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Pork bellies and patio tomatoes
Are you enjoying those BLTs with fresh summer tomatoes? They're so delicious, you probably didn't notice that the price of the bacon in the middle was up about a dollar a pound.
Bacon makes for an interesting study in market forces and economics.
The price of bacon at the grocery store is up because the price of the pork bellies from which it is made is up nearly 50 percent since June.
That's because hog producers trimmed their herds last year because of reduced demand in the recession, and the H1N1 flu, inaccurately labeled the "swine flu." High feed prices, which some blame on ethanol production, also figured into the equation.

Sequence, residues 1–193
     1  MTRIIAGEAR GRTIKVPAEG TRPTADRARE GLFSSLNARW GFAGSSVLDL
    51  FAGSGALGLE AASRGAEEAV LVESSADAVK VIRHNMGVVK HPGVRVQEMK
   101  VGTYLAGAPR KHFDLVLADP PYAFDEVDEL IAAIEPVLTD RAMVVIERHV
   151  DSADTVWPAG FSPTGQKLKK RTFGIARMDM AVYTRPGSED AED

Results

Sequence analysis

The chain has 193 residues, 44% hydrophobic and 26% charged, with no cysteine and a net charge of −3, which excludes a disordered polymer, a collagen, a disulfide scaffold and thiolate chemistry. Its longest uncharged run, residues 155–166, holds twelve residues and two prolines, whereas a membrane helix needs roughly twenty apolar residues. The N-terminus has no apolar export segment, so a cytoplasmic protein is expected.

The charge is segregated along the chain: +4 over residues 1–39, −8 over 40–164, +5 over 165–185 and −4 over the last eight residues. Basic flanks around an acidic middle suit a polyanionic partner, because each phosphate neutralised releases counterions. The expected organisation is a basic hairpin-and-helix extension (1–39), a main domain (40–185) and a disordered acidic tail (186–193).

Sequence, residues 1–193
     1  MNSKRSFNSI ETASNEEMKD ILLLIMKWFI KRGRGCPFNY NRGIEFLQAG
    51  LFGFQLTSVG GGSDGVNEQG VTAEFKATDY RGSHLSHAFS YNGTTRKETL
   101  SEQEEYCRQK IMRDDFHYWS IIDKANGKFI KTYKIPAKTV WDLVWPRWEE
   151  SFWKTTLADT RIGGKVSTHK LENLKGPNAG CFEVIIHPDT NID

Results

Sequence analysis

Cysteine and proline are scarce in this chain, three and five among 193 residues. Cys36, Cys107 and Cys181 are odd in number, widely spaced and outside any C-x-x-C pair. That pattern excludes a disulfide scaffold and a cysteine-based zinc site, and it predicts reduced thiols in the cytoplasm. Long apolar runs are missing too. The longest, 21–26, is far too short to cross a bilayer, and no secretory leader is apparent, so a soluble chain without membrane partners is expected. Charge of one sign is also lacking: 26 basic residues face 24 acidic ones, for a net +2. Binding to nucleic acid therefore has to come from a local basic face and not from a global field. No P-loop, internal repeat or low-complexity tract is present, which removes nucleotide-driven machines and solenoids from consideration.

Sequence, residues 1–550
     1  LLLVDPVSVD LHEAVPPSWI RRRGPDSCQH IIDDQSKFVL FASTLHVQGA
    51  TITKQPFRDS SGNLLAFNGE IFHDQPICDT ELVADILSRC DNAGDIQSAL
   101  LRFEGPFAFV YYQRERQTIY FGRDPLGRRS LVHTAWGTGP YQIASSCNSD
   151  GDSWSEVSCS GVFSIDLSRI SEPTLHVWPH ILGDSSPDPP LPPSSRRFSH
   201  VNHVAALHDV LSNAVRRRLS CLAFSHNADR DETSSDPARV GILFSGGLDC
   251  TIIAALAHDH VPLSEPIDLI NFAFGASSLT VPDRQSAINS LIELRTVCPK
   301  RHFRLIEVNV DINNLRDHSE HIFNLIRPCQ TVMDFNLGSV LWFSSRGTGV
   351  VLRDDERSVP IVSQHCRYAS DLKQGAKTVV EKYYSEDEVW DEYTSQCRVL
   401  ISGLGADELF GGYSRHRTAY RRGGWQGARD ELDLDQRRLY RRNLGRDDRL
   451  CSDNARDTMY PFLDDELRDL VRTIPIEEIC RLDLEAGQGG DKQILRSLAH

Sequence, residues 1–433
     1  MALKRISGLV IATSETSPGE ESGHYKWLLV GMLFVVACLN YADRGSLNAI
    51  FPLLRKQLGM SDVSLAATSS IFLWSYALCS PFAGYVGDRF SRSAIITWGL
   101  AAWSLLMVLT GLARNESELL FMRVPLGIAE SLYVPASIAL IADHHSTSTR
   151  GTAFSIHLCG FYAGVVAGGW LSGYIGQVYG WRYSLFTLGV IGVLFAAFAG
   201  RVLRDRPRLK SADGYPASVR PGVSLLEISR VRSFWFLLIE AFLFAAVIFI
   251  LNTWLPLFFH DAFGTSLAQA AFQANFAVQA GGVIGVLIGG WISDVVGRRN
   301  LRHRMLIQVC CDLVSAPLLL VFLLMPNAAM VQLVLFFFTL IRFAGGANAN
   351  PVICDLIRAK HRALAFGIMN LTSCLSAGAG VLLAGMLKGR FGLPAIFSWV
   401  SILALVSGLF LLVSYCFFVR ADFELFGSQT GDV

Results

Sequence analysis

But the demand for bacon is fairly constant, according to Chris Hurt, a livestock economist at Purdue University. "What you have with bacon is what economists call inelastic demand, meaning it doesn't vary much," he said. "If a person wants a BLT sandwich and likes that in summer when their patio tomatoes come on, then it doesn't make a difference if bacon is $2 a pound or $6 a pound. They're going to go out and buy it. When it's in short supply and a lot of people want it, they'll pay a higher price."
Unless, of course, they develop a taste for turkey bacon -- but that just isn't the same.